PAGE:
Project Procurement Management
Project procurement is the process of acquiring goods and services. There are many ways to go about this, but project procurement has more to do with negotiating a contract for a project rather than products or raw materials.
Project procurement is an integral part of the successful operations of a business.
The process involves many different specific processes that must follow a logical order. This involves planning, contracting, sending out contracts to sellers, then allowing different contractors to bid on the job.
Once all applicants to the position have been reviewed and vetted, the business owner or COO (Chief Operations Officer) will choose a contractor to sign the contract with. Paperwork must be filled out to set the project in motion.
But this is not the end.
Constant monitoring of the job must be done to ensure that the criteria are being met and that the contract is being followed. Once the work is finished, you close out the contract and close the deal by finalizing the paperwork.
Steps to Procurement Management
In addition to these necessary steps, there are also specific components of project procurement that must be done. Below is a list of the most important steps in acquisition that should occur when working with contractors.
Plan Procurement Management
The planning phase for procurement management is a critical phase just as all operations of a business are.
During this phase, you will decide whether you should source the contractors within your operation or outsource them to another company or even another country. You should consider what your resources are, how much it will cost to hire outside contractors, and how long the job will take.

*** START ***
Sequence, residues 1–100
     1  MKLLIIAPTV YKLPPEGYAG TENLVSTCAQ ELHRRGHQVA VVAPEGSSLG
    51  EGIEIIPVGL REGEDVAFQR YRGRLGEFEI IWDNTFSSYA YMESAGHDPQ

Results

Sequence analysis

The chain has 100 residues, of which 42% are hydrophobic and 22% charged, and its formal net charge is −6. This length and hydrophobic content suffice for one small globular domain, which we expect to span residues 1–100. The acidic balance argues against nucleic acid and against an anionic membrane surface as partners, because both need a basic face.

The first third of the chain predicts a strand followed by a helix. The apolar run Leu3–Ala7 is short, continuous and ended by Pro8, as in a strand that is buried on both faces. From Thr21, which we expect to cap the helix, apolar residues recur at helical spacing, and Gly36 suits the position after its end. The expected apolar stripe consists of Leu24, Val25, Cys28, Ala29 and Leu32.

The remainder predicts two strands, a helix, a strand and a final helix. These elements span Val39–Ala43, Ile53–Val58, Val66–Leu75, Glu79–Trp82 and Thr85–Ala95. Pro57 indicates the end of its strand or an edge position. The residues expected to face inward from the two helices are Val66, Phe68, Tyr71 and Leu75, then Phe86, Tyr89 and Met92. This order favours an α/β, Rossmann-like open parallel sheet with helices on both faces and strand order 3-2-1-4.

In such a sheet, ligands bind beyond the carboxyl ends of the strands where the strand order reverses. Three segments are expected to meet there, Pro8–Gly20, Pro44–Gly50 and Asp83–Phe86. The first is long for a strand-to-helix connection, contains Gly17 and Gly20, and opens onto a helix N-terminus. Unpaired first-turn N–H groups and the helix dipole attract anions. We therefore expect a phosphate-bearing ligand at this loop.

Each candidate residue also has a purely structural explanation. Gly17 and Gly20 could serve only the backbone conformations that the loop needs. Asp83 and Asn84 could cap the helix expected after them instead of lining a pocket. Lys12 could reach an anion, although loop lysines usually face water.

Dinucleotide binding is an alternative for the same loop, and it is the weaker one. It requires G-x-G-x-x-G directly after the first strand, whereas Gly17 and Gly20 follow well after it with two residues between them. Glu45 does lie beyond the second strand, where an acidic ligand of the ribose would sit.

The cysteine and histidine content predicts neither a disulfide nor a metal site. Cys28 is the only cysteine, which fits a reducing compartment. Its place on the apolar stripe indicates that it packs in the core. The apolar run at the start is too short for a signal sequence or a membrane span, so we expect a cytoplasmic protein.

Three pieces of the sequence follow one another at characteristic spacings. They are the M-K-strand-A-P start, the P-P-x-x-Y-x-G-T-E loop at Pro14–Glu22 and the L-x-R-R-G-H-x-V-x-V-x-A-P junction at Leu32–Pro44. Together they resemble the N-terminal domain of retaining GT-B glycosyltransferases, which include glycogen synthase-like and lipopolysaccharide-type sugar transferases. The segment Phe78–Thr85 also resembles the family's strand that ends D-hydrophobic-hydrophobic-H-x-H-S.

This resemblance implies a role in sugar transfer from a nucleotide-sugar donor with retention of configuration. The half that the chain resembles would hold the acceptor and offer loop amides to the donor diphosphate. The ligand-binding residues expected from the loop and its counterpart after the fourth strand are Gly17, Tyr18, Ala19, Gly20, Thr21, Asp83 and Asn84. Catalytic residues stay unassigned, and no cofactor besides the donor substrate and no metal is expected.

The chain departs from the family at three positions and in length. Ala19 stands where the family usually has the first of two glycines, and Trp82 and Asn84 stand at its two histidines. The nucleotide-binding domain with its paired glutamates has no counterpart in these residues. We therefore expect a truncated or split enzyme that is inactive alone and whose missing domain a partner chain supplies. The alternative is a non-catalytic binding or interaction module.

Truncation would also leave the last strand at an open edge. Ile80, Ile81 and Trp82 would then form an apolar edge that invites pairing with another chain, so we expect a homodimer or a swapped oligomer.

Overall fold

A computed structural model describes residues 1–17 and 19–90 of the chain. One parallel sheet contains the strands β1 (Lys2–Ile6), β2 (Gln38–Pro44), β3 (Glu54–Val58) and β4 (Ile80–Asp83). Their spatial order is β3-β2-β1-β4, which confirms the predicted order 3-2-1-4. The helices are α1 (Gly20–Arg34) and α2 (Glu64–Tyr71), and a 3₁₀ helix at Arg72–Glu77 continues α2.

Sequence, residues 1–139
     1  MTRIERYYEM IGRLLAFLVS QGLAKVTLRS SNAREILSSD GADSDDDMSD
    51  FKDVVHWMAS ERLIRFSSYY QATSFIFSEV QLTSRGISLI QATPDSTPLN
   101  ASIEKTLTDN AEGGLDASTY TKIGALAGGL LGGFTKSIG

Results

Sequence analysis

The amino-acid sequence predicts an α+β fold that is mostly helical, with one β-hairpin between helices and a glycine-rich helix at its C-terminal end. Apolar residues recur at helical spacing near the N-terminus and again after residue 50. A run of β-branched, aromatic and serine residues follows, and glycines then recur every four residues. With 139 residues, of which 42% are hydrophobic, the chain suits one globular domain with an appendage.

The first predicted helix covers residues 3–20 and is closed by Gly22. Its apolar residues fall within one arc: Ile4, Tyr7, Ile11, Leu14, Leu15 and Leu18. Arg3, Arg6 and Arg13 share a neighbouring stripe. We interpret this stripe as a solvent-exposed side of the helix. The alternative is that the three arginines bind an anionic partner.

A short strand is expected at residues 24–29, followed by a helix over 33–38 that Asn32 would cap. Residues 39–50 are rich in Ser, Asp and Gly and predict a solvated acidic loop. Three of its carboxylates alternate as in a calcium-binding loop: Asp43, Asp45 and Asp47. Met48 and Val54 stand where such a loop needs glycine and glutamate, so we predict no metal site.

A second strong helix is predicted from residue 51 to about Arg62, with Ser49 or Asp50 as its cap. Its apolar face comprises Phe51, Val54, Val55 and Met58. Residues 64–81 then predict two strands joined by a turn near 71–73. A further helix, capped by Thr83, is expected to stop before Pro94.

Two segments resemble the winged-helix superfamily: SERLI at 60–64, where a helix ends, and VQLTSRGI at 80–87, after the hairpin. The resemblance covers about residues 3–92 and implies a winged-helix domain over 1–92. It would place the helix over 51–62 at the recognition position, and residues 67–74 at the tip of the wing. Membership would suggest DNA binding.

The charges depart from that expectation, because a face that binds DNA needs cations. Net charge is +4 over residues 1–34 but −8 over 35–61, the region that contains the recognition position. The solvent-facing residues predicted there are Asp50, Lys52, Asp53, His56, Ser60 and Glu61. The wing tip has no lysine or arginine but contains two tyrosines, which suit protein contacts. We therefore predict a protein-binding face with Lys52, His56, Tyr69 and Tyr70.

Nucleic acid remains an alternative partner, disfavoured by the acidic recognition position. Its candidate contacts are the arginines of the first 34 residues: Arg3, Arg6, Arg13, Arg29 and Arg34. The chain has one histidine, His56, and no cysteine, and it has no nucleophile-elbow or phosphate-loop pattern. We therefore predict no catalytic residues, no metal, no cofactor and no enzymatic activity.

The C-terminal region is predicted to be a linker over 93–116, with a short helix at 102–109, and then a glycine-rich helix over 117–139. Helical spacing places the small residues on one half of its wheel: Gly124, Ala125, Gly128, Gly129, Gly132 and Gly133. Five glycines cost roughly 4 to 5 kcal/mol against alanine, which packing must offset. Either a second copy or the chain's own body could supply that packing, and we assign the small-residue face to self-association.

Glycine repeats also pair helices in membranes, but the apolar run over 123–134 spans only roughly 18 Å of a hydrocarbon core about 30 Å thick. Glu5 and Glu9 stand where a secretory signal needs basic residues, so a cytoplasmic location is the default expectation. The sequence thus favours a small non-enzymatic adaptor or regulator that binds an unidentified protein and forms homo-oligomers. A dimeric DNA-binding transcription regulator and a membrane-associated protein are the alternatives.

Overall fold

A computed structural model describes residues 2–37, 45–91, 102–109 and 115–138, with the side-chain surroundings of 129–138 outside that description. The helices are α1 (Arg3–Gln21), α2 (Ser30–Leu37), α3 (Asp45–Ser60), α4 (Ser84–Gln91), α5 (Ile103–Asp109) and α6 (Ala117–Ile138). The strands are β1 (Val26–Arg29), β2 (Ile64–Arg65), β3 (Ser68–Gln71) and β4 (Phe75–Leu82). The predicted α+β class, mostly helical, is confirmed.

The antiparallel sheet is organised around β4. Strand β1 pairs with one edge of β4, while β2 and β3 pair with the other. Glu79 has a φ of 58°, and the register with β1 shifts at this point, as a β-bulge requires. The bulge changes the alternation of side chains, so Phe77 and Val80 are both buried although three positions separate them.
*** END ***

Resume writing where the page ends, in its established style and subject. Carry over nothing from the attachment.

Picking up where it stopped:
During this phase, business owners must put the job out there and study the bids that come in. Then they will choose the best one for the project. This involves more than this, though.
Agreements must be worked out that explain how contracts will work, what is expected, and how much the contractors will be paid.
Like a delicate international treaty, every detail should be worked out to the benefit of both parties so that there is no disagreement about the terms.
Once work has begun, constant vigilance must be paid by the business owner so that they know the contractor is fulfilling the obligations they have to the contract.
Projects usually involved a great deal of money, so it is vital to make sure the job is being completed according to the plan you have to justify the expenditures.
Contractors may have creative ideas, and that's okay. But the quality of work and the final result should be under your command.
Once the work has been checked for quality and all of the work is completed, you can close the job.
You do this by finishing the final paperwork and settling with the contractor through the payment as agreed.
Careful documentation should be kept to prove that the person was paid and that the job was completed according to specifications.
Importance of Planning Project Procurement
Planning is critical in every phase of project procurement as adjustments may need to be made along the way in order to achieve the final result.
Flexibility is essential because problems can arise during a project that are not accounted for during the initial planning.
The goal is to keep operating costs to a minimum while still achieving the goals you have for the project.